BRCA1 & BRCA2 Genes
Up to 10 percent of breast cancers are thought to be hereditary, caused by abnormal genes passed to you from either parent. The most common cause of hereditary breast cancer is an inherited mutation in the BRCA1 and BRCA2 genes (Breast Cancer genes 1 and 2).
Everyone has BRCA1 and BRCA2 genes. BRCA genes help repair cell damage and keep your breast cells growing normally. But when these genes contain abnormalities or mutations that are passed from generation to generation, the genes don’t function normally and your breast cancer risk increases.
The chance that you have a BRCA1 or BRCA2 gene mutation is greater if:
- You had breast cancer at an early age
- Your mother, sister or daughter had breast cancer at an early age or ovarian cancer at any age
- A woman in your family has had breast and ovarian cancer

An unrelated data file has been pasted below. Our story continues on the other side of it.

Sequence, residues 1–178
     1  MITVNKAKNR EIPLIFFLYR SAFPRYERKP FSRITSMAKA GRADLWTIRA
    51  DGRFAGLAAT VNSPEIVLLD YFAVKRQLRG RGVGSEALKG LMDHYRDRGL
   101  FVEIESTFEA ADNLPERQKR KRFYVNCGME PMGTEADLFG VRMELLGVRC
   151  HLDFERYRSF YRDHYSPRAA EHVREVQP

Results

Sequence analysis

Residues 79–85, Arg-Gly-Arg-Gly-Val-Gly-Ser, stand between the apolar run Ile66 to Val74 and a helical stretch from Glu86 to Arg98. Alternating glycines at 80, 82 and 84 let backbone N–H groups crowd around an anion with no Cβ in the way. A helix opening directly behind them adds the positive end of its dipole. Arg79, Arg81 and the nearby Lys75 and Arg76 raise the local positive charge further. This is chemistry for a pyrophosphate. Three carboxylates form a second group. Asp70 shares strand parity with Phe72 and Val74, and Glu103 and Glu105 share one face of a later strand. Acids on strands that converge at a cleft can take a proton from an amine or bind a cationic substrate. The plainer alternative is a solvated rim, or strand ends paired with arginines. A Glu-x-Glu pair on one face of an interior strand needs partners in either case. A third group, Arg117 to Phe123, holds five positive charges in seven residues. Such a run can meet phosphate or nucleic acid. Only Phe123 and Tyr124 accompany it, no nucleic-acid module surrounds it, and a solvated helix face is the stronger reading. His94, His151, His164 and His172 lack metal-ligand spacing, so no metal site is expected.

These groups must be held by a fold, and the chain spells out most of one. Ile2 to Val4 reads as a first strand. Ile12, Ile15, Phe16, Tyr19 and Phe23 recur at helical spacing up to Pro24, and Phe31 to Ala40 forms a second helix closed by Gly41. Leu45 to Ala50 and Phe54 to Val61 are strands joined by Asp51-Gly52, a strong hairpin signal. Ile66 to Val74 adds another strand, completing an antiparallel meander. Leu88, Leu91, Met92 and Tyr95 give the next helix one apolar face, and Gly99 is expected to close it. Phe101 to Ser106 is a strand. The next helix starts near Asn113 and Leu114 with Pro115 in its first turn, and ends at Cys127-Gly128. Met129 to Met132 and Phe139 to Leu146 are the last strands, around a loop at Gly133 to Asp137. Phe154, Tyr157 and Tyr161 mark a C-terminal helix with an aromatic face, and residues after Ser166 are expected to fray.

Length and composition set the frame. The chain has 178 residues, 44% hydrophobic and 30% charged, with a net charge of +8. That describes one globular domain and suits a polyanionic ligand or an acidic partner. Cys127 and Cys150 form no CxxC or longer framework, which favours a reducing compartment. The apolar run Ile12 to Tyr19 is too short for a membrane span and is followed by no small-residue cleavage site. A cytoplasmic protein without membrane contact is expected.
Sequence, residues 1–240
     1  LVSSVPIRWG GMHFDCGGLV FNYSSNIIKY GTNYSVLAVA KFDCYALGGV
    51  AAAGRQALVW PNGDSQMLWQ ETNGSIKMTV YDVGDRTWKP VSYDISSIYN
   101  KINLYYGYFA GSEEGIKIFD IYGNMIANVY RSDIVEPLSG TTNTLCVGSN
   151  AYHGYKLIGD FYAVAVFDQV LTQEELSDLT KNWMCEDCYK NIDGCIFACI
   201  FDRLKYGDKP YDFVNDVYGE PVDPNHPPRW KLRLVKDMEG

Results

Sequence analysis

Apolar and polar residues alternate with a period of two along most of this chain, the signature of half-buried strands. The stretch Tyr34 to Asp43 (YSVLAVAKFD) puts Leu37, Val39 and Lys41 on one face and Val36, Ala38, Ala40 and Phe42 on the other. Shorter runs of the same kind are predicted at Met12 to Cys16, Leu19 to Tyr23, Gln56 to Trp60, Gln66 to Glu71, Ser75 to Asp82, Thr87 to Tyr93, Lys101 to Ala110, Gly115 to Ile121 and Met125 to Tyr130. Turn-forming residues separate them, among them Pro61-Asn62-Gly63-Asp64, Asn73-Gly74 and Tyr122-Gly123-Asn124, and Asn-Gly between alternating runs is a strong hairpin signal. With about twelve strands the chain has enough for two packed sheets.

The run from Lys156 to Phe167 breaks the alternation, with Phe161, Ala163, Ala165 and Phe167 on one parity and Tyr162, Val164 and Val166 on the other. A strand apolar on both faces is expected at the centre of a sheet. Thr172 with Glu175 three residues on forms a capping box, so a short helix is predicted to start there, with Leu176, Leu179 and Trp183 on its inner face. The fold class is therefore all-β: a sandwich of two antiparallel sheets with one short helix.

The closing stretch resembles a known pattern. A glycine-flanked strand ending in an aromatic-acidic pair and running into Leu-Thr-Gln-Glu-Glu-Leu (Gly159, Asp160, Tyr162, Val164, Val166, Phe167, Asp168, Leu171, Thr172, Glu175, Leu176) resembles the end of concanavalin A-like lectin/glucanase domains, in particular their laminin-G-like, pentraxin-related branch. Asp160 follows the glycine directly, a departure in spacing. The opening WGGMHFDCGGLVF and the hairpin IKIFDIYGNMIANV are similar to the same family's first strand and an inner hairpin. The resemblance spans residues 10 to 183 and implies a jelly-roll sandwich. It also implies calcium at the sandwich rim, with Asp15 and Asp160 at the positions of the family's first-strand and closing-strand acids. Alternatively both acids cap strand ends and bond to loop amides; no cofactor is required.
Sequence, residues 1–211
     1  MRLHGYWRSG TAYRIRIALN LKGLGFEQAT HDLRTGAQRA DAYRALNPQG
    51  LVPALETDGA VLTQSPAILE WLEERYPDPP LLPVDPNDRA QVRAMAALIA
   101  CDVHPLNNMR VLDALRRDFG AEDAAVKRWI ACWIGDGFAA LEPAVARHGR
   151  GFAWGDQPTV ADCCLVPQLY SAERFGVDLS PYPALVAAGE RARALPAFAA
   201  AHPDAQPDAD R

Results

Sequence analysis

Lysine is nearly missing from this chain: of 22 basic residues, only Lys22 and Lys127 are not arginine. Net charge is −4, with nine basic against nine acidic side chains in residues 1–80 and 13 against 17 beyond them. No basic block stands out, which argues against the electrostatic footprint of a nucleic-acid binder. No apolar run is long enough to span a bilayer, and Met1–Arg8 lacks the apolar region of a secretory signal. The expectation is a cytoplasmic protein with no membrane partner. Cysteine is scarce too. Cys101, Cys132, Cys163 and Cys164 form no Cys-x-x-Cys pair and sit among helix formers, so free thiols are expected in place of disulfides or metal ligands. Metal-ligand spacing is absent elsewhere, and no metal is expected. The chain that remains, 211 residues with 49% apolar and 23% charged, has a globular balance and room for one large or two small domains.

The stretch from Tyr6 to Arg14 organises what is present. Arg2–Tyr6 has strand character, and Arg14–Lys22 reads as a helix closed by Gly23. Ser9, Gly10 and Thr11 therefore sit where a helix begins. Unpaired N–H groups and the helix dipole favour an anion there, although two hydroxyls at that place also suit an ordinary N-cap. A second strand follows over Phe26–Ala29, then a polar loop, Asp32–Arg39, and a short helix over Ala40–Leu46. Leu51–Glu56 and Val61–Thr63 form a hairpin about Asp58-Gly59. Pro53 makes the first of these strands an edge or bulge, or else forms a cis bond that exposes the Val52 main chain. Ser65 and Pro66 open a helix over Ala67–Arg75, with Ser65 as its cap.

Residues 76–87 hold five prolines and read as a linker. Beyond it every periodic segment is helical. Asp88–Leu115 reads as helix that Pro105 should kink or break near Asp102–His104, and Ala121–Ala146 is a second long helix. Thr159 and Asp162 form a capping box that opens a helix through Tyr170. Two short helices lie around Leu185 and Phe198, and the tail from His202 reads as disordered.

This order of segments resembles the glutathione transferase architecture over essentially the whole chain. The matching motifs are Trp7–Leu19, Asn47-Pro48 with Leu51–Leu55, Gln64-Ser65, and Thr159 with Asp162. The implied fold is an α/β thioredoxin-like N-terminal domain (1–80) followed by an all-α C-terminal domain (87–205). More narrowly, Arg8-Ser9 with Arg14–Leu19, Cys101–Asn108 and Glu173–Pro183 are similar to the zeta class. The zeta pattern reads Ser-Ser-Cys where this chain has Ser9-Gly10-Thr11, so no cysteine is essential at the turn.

- A woman in your family has had breast cancer in both breasts
- A man in your family has had breast cancer
- Your family is of Ashkenazi Jewish (Eastern European) descent.
The average woman in the U.S. has a 12 percent (one in eight) risk of developing breast cancer in her lifetime. If you have an abnormal BRCA1 gene that risk can rise as high as 80 percent (the average range is 55 to 65 percent). If you have an abnormal BRCA 2 gene your risk is lower (45 percent). If you have an abnormal BRCA1 or BRCA2 gene, you also have an increased risk of developing ovarian, colon, pancreatic and thyroid cancers, as well as melanoma.
Breast cancers associated with an abnormal BRCA1 or BRCA2 gene tend to develop in younger women and occur more often in both breasts than cancers in women without these abnormal genes.
If you are concerned about BRCA genes, your family’s history of cancer or other cancer risk factors, take our free breast cancer health assessment.